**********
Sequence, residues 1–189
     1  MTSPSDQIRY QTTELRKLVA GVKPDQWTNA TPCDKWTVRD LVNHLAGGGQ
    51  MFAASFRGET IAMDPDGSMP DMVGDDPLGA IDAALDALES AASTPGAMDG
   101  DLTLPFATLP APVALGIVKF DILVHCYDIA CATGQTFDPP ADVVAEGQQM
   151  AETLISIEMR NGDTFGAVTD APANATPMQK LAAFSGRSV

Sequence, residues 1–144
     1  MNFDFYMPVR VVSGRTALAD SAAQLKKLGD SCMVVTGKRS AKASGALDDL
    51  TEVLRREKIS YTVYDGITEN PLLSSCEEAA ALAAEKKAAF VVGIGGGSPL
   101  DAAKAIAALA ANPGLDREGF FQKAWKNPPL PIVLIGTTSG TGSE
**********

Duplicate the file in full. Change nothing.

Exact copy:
Sequence, residues 1–189
     1  MTSPSDQIRY QTTELRKLVA GVKPDQWTNA TPCDKWTVRD LVNHLAGGGQ
    51  MFAASFRGET IAMDPDGSMP DMVGDDPLGA IDAALDALES AASTPGAMDG
   101  DLTLPFATLP APVALGIVKF DILVHCYDIA CATGQTFDPP ADVVAEGQQM
   151  AETLISIEMR NGDTFGAVTD APANATPMQK LAAFSGRSV

Sequence, residues 1–144
     1  MNFDFYMPVR VVSGRTALAD SAAQLKKLGD SCMVVTGKRS AKASGALDDL
    51  TEVLRREKIS YTVYDGITEN PLLSSCEEAA ALAAEKKAAF VVGIGGGSPL
   101  DAAKAIAALA ANPGLDREGF FQKAWKNPPL PIVLIGTTSG TGSE